I’m really fascinated by psychology and neuroscience, and this reminds me of a study that looked at this, but in a narrow timeframe of the sensation of time slowing down when in danger or other moments of high intensity. It’s great how they tested this if you haven’t heard about it – if I recall, they attached small computers to grad students that would flash information by too quick to process normally… and had them jump off a roof into a net. 

They found that they were actually not able to think or process things any faster at all. What seemed to happen, however, is that in that situation, far more of their brain focused on what was happening, and therefore created richer, “thicker” memories. So when recalling those memories, they were so much more enriched that by comparison it seemed as if time was slower in order to fit all of that information in.

On a larger scale, that definitely seems to fit with what you are saying. When we are unfocused with our thoughts distracted by so many other things, or when we are in a boring daily routine, the memories are far thinner and so, which makes it seem that time has sped up.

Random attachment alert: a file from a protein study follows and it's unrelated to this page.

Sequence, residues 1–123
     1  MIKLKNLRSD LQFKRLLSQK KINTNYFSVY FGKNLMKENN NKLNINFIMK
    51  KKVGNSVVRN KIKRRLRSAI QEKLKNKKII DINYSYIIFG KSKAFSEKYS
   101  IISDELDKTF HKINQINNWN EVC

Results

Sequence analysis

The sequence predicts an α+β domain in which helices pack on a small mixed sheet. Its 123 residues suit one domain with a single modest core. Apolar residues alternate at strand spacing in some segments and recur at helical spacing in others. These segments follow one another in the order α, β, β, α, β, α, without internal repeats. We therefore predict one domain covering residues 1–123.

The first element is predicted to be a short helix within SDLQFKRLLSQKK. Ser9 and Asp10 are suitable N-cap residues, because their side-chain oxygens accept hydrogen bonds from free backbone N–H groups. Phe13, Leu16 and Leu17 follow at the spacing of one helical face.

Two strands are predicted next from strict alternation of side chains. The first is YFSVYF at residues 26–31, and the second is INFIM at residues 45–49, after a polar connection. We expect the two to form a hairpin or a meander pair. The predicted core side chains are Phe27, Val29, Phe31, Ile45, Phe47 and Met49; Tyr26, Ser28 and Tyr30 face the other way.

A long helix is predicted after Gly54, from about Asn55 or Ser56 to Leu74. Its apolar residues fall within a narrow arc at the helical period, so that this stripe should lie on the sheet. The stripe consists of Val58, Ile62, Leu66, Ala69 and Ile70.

Another related anecdote is a family member of mine thought she had memory problems for quite a while, especially close to an entire year that she could barely recall. However, after talking with and being tested by psychologists, it became clear that she didn’t have any memory deficiency at all. However, that faint year was before she was diagnosed with depression. Prior to starting treatment, she handled it by dissociating, which led to very few of her memories being tied to any emotions. That just left very faint, weak factual memories if at all. After getting her depression under control and allowing herself to experience emotions more fully again, she stopped having any memory issues.